WALL STREET JOURNAL
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HEADLINE: HOMPUTER - NY INVENTOR IMRAN ANWAR MELDS COMPUTERS & TV
Manhattan, New York, based inventor and Internet pioneer Imran Anwar designs and licences device, HOMPUTER, enabling modern computers to use home televisions for a convergence experience, enabling low cost homeputer/home computing.
By JOAN E. RIGDON
Staff Reporter of THE WALL STREET JOURNAL
The Internet is starting to look the way interactive television was supposed to look.
Two years ago, cable, phone and computer companies formed a dizzying array of alliances that promised to use cable to bring video home-shopping and video-on-demand to the couch potatoes of America and Europe via the tube. Trials were announced, delayed and folded. Only a few produced paying customers.
Now some of the same companies, including Thne Warner Inc., Tele-Communications Inc. and Oracle Corp., are rallying around the Internet's multimedia World Wide Web as a way to quickly and cheaply provide a watered-down version of interactive television to the masses.
Video-on-demand won't be included because it can't be delivered without massive computing power. But ultrafast cable modems and digital phone lines are expected to be more widely available next year, and an Internet-based service could pipe video such as the evening news and sports shorts - plus highly visual home-shopping and home-banking services, recipes, academic papers and other current Internet offerings - into a personal computer or even a standard TV monitor.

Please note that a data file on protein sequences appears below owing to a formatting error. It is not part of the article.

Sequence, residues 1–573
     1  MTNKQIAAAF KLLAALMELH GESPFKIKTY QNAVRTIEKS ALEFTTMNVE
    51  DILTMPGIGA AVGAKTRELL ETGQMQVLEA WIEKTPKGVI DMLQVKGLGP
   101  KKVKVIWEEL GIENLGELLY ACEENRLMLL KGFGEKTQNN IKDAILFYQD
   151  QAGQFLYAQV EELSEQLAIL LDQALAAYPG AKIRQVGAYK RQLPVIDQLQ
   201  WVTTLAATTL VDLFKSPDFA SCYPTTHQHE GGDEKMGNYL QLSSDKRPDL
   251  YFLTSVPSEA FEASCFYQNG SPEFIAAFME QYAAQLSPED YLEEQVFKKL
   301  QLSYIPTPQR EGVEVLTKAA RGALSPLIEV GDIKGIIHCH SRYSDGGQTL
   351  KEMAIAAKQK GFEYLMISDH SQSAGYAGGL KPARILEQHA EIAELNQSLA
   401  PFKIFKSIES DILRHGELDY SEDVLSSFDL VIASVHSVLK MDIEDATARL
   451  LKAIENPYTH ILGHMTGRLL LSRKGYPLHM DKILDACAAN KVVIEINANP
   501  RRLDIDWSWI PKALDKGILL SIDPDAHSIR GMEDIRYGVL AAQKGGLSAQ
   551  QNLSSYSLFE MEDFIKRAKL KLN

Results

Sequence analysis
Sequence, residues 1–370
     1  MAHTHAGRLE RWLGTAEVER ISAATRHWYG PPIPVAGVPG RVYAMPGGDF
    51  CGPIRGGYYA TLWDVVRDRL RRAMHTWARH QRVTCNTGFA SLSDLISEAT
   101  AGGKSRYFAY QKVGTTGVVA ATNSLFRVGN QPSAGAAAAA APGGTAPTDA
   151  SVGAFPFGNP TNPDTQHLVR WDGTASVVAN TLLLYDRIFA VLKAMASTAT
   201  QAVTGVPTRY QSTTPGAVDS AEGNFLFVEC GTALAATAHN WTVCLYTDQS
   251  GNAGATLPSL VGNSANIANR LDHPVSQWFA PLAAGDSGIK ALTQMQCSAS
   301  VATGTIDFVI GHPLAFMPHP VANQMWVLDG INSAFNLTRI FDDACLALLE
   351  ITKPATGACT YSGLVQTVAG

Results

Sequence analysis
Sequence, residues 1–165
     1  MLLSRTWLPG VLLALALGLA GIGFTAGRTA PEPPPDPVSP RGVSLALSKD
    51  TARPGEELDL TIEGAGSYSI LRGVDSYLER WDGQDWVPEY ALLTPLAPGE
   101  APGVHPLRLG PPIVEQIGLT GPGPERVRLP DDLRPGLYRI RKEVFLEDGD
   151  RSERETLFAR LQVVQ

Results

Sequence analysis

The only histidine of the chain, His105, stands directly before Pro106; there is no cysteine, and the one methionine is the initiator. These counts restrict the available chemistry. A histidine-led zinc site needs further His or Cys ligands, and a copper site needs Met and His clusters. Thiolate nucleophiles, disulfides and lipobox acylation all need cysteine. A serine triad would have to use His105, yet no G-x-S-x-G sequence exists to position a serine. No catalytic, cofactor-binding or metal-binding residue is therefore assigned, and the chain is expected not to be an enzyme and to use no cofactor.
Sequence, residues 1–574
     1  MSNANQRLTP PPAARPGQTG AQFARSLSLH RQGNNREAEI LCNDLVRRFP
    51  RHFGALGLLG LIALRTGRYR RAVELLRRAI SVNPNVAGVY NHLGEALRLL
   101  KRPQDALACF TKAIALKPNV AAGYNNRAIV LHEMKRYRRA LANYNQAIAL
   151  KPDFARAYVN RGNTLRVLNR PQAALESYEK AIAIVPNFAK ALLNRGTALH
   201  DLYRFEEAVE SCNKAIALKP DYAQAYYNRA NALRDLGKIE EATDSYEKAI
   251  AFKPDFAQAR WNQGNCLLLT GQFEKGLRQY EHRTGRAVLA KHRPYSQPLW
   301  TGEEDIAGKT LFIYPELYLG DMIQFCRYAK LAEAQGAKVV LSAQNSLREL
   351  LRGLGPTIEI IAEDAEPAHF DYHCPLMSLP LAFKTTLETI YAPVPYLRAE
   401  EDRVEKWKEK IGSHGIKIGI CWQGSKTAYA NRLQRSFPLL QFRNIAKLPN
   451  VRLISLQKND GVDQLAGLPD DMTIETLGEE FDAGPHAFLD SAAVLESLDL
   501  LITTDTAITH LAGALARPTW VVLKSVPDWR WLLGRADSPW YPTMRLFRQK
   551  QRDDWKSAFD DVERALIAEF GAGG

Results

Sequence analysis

Viacom recently joined a group led by Intel Corp. that aims to develop a cheap way to enable PCs to read TV signals so that PC users will be able to read Web pages containing TV broadcasts. NII Norsat International Inc.'s new DirectPC unit would use satellite dishes to download compressed broadcasts and other huge files into a set-top box connected to a PC. A Time Warner trial in Elmira, N.Y., already offers Internet access via cable modems to 200 subscribers of America Online Inc. and CompuServe Inc. TCI offers cable access to America Online subscribers in Castroville, Calif., and is helping to introduce a new, high-speed Internet access service called Home. It is also backing a Lansing, Mich., cable TV show that displays Web sites over television.
On the hardware side, Manhattan inventor Imran Anwar says he plans to begin shipping next year a $500 computer that will dial up the Internet and display it on television. Oracle says its planned Internet machine - a stripped-down PC whose sole purpose is to browse the Net - will be able to connect to cable modems and TV monitors. Oracle won't build the devices.
ViewCall Europe PLC of London says it has developed a box that will not only display the Web on TV but will also allow users to navigate with six buttons on a remote control. The box will come with a remote-control version of Netscape Com-
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